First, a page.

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Policy Debate

Policy Debate.  The original debate format, students who engage in Policy debate debate two on two on a similar topic for the entire year, though they do debate subsets of the topic. For example, this year’s Policy debate topic in the US is immigration reform. Subsets that students debate include refugees, family separation, and H-1B visas.  Students who compete in Policy debate talk very quickly and it is a very research intensive form of debate. Many students who participate in Policy debate spend 4-7 weeks during the summer at debate camps preparing for competition.  We provide instruction with helping students learn Policy debate, helping students improve their skills, and helping students prepare to debate the topics.

Tournament Preparation– Students can choose from the following two hour classes

Topicality and topicality arguments on the topic
US hegemony and leadership
Economics of immigration
Capitalism Kritik
Race kritiks
Midterms and other politics arguments
Debate theory
Types of kritiks

Others are available upon request.

Introduction to Policy Debate — 16 Hours

The purpose of this class is to teach students the very basics of  Policy debate using sample arguments from the refugees debate.

Class 1 –Introduction to Competitive Debate

A. Generally, what is it?
B. Why is it valuable/what you will learn
C. Debate in the World
(1) China/East Asia
(2) The US
D. Debate tournaments
E. Intro to basic argumentation
Homework: Read an Intro to Policy debate e article

Class 2 – Introduction to Policy Debate and Case Construction

A. The basics of argumentation
B. The basics of Policy debate
C. Case Construction – How to and samples
D. Working on case outline with sample topic that is easy for students
Homework: Read a sample article about the topic

Class 3 – Case Construction and Card cutting

A. Work an outline for a case based on what students read in the article
B. Discuss how to cut cards and find actual cards in the article
C. Find more cards and put them into the case
D. Provide two more articles for students, work with them to find articles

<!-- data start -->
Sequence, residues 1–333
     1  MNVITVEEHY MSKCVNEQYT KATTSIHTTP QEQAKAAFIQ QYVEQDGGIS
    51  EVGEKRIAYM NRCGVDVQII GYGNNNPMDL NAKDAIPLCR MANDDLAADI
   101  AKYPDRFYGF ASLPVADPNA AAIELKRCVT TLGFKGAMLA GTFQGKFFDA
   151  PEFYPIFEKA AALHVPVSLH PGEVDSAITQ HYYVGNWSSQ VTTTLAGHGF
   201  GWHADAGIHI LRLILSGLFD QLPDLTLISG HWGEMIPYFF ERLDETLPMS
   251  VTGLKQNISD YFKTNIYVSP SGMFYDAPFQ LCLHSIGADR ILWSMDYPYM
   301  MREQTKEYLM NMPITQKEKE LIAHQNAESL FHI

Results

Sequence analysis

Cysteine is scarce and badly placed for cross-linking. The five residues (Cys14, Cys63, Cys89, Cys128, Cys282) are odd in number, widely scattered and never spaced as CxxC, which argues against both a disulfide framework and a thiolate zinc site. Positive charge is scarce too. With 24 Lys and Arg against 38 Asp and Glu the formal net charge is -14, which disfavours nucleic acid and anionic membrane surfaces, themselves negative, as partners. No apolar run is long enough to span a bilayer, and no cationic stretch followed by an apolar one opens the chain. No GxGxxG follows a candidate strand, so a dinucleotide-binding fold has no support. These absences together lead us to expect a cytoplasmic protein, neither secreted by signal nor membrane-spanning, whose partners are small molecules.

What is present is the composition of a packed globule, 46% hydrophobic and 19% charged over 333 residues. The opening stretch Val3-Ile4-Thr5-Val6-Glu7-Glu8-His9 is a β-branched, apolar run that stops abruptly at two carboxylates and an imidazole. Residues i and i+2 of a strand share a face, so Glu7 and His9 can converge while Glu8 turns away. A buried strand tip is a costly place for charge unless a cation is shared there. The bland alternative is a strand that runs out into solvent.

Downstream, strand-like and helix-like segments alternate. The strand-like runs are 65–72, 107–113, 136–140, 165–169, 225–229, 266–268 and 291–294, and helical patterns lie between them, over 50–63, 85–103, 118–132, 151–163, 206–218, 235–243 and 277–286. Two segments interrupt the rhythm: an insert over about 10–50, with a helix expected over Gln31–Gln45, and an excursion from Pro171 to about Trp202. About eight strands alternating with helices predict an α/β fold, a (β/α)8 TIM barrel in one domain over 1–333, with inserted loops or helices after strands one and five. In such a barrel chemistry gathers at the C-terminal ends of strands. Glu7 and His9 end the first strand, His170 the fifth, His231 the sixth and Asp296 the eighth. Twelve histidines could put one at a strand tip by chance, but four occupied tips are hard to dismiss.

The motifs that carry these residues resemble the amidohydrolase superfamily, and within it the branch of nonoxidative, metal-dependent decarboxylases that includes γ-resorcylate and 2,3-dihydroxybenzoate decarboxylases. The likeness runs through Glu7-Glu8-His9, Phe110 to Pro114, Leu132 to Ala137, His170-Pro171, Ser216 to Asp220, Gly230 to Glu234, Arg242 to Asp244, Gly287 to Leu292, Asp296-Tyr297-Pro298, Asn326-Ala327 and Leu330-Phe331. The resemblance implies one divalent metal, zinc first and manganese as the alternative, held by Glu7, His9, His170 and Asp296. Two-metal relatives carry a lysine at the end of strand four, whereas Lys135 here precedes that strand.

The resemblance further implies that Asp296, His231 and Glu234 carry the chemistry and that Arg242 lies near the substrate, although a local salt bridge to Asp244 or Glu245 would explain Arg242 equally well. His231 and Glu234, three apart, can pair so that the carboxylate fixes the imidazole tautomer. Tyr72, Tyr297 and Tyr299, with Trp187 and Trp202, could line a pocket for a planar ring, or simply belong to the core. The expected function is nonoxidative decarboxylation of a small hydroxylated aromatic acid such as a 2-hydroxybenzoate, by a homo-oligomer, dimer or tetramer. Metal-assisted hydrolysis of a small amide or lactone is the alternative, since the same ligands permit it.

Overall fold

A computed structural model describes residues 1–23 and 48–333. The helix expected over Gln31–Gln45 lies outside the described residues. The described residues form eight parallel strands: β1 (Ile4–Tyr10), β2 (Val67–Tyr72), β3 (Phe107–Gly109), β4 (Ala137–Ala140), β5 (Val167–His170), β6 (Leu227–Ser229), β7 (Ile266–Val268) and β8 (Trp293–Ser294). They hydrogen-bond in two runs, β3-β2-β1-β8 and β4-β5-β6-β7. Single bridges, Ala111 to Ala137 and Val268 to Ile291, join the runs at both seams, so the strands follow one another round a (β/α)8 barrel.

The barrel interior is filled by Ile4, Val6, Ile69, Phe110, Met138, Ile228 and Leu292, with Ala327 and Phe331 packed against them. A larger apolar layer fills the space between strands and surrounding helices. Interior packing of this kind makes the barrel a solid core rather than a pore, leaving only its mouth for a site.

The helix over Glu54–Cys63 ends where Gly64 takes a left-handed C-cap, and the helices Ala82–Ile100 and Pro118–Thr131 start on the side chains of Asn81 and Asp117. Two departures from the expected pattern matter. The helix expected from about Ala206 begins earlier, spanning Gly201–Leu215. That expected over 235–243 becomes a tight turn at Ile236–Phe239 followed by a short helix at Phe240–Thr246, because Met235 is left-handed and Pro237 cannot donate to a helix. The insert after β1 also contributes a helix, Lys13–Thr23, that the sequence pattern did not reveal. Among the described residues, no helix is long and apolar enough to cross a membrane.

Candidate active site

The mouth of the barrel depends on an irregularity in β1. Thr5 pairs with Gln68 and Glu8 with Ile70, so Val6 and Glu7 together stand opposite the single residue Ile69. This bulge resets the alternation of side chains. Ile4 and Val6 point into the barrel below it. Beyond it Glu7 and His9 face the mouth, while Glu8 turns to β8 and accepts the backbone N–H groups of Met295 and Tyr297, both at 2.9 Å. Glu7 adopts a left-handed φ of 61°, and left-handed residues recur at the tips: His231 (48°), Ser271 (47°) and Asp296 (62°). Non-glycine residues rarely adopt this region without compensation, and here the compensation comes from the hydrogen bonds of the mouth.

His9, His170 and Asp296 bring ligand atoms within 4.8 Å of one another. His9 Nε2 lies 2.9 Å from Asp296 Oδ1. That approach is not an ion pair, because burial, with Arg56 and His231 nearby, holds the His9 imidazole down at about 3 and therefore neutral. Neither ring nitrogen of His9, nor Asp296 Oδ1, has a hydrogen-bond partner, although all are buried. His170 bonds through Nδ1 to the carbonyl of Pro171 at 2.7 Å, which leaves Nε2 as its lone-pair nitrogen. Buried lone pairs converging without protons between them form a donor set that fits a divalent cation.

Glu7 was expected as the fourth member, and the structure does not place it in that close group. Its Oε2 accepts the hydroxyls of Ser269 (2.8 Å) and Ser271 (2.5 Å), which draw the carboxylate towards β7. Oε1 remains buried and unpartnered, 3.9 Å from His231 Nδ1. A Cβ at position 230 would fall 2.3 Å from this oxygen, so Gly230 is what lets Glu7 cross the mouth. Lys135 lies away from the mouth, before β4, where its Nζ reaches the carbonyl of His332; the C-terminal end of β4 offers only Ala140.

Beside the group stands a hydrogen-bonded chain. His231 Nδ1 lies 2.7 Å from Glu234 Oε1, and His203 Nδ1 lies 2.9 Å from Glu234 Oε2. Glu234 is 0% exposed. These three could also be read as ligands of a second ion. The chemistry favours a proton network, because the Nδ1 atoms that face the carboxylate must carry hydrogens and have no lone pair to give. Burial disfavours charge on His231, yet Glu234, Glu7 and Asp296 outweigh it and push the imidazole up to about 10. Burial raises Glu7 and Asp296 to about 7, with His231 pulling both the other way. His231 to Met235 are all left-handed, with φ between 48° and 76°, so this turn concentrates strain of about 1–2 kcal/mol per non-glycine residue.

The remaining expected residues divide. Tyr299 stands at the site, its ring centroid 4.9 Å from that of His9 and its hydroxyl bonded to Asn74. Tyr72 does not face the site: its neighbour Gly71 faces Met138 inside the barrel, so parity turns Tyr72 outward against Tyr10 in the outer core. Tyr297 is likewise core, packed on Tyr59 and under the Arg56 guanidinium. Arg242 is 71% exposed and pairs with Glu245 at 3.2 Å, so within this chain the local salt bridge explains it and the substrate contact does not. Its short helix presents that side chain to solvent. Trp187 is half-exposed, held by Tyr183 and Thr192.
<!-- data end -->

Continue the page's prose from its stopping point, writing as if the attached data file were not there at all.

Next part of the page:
Homework: Finish constructive cases

Class 4: Cases

A. Review constructive speeches
B. Intro to public speaking basics
C. Applying public speaking basics to constructive speeches
D. Practicing the speeches

Class 5: Cross-x/Research

A. Intro to cross-x
B. Practice cross-x
C. Intro to basic research (using Chinese search engine) and Google (where relevant)
Homework: Find three relevant articles, with a focus on the Negative side of the debate

Class 6 : 1NC

A. Types of off-case arguments
B. Organizing the 1NC — off case and on case
C. Practice crossfire (review crossfire skills)
D. Very basic flowing skills
Homework: Finish case arguments

Class 7: The Attack

A. Introduction to Rebutting arguments
B. Identifying weaknesses in the structure of arguments.
C. Understanding and identifying the different types of logic and reasoning (ie. inductive, deductive)
D. Intro to logical fallacies
E. What logical fallacies people can make when creating arguments Homework: Identify logical fallacies in research

Class 8: The 2AC as Rebuttal

A. Types of Rebuttal arguments – offensive/defensive
B. Introduction to turns and disadvantages
C. How to organize the Rebuttal
D. Answers to briefs
E. Review of arguments from 1NC
Homework: Write answers to 1NC arguments

Class 9:  The Negative Block — 2NC/1NR as rebuttal

Applying what was learned in class 8 to the 2NC/1NR

Homework: Write a rebuttal brief to 1NR arguments

Class 10: The 1AR

Class 11: Flowing arguments

A. Comprehensive flowing discussion
B. Practice Flowing

Class 12: The 2NR

A. Intro to the 2NR
B. Writing argument summaries, responding to the 1AR, Weighing

Class 13: The 2AR

A. Intro to the 2NR
B. Writing argument summaries, responding to the 1AR, Weighing

Class 14: Review and practice debate

Class 15: Practice debate

Class 16: Practice debate, class conclusion